Solar Resilience: Keeping Communities Connected

You’ve probably heard the term “resilience” used in the energy sector regarding electricity and power. The Energy Department defines resilience as a power system that can adapt quickly to changing conditions and recover quickly from disruptions.

The resilience of the grid can be increased by solar energy. Distributed solar energy systems, such as community solar and rooftops, can increase the strength of the grid and the communities it serves.

Grid-based resilience

Power comes from various sources–fossil-based generators fueled by coal or natural gas have been standard for the last century. Solar energy is a cost-effective, affordable electricity source that can power a clean energy economy in the 21st century.

Grid operators require tools such as load shifting, demand management, battery storage, and demand management to make solar power resilient. It is essential to know when you should use these tools. Forecasting is a way to know when and how much solar energy resources are produced. DOE has just completed the first Solar Forecasting Prize, which will help to commercialize tools to predict solar generation. They also invest in tools and models to continue improving communications between grid operators and solar generation facilities to have accurate and timely information that allows them to do their jobs efficiently.

DOE is also working on microgrids that have large amounts of solar power. These microgrids can be disconnected from the primary grid and operate independently when the main grid goes down. Microgrids increase resilience by limiting the number of customers affected by outages, allowing faster system recovery, reducing the risk posed by natural or artificial disasters, and keeping communities safe.

Grid resilience is also possible with grid-forming inverters. These inverters coordinate other resources, such as inverters-based, to maintain electricity on the grid. These new technologies are constantly evolving and require research. This is why we have created a consortium to UNIFI all stakeholders. Grid-forming inverters are expected to be able to restart the grid without the aid of traditional forms of electricity generation.

Community focus

Research is expanding the definitions of resilience to include communities connected to the electric grid. Increased solar energy availability and affordability will increase community resilience. This will help to ease energy costs and provide reliable and clean electricity.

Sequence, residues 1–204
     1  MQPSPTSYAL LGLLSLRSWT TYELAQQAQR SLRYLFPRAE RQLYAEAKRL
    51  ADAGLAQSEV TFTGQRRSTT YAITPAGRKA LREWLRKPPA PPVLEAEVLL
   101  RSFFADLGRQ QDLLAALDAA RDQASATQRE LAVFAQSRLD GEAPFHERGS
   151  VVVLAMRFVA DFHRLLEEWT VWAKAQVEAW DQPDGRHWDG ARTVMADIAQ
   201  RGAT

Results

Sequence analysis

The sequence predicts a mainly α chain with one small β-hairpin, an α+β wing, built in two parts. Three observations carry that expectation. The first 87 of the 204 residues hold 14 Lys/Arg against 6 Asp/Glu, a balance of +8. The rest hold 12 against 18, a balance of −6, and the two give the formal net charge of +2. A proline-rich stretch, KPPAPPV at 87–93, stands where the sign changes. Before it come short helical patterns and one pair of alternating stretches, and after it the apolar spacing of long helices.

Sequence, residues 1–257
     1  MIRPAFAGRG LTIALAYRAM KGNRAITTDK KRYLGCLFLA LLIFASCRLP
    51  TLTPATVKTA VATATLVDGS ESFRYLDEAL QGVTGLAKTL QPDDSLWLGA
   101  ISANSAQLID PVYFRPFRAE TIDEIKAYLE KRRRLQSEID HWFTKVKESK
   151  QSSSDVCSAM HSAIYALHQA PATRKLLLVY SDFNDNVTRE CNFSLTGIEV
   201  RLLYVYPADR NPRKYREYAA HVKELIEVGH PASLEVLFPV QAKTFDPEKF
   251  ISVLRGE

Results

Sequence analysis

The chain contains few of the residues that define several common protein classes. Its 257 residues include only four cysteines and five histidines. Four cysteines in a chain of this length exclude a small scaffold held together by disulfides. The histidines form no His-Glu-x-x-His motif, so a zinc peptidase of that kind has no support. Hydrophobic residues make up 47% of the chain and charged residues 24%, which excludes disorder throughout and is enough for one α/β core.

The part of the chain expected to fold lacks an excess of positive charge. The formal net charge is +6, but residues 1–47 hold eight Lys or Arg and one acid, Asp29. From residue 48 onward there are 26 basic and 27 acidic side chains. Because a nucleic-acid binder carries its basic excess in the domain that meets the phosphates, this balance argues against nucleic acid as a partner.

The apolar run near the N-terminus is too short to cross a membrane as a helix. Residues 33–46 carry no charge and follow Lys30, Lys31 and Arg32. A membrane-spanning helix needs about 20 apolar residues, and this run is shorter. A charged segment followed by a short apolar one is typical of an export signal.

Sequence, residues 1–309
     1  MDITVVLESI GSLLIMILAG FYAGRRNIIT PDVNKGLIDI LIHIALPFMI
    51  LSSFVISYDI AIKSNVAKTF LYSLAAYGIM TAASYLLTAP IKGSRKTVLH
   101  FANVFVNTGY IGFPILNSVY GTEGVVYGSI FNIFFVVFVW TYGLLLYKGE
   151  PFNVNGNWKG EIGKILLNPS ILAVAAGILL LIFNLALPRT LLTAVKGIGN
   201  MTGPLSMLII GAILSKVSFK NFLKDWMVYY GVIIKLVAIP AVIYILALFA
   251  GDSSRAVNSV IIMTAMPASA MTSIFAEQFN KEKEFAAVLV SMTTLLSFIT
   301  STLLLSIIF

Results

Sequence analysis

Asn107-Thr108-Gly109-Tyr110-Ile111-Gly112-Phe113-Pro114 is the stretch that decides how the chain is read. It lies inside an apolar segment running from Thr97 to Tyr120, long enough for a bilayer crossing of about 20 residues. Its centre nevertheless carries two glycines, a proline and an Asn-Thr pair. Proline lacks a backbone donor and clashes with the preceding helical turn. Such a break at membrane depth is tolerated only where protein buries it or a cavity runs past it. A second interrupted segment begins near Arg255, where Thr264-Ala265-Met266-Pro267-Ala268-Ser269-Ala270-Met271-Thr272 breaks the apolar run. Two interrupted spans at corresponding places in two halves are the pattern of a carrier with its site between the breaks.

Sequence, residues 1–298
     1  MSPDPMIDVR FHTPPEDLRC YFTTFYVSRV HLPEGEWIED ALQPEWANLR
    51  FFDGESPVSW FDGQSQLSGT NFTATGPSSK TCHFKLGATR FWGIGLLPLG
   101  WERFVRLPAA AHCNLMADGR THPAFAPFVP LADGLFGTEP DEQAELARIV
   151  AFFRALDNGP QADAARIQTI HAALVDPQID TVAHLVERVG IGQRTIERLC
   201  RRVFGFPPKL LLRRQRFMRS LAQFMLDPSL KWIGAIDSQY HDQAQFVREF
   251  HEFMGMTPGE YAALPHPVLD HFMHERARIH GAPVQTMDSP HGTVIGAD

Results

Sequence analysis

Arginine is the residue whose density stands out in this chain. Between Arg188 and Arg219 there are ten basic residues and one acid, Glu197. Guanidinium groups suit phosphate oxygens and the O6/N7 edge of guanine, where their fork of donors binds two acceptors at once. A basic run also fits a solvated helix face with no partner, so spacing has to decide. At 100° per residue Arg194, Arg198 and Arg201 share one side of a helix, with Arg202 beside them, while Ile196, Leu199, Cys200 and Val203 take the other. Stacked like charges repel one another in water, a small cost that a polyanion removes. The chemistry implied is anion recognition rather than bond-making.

Our Renewables Advancing Community Energy Resilience funding opportunity focuses on community energy resilience. A total of $25,000,000 will be awarded to several projects to support community energy planning and technology demonstrations to increase energy resilience to climate change and extreme weather. These events often cause extensive equipment failures and infrastructure damage, especially in areas that serve communities.

The vital services of electricity are embedded in almost every corner and part of the economy and communities. These include lighting at night to ensure safety, emergency response services, food refrigeration, medication storage, clean water, and sewage disposal. The projects under RACER will bring together multiple stakeholders–utilities and municipal planners, emergency response teams, community groups, and others–to ensure that all community members have access to electricity.

The future of resilience

With the support of RACER and other DOE efforts, new and innovative methods for community energy planning will be developed. These new technologies will help reduce power interruptions’ impact on essential services and increase resilience to extreme weather events.

The DOE continues to be concerned about grid-connected solar energy’s growth. This makes resilience at the grid and in communities a critical priority. The Solar Energy Technologies Office will continue researching and developing a resilient grid to handle increasing solar energy as we transition to a more decarbonized power system. It will also ensure solar technologies improve the grid’s ability to keep the lights on.

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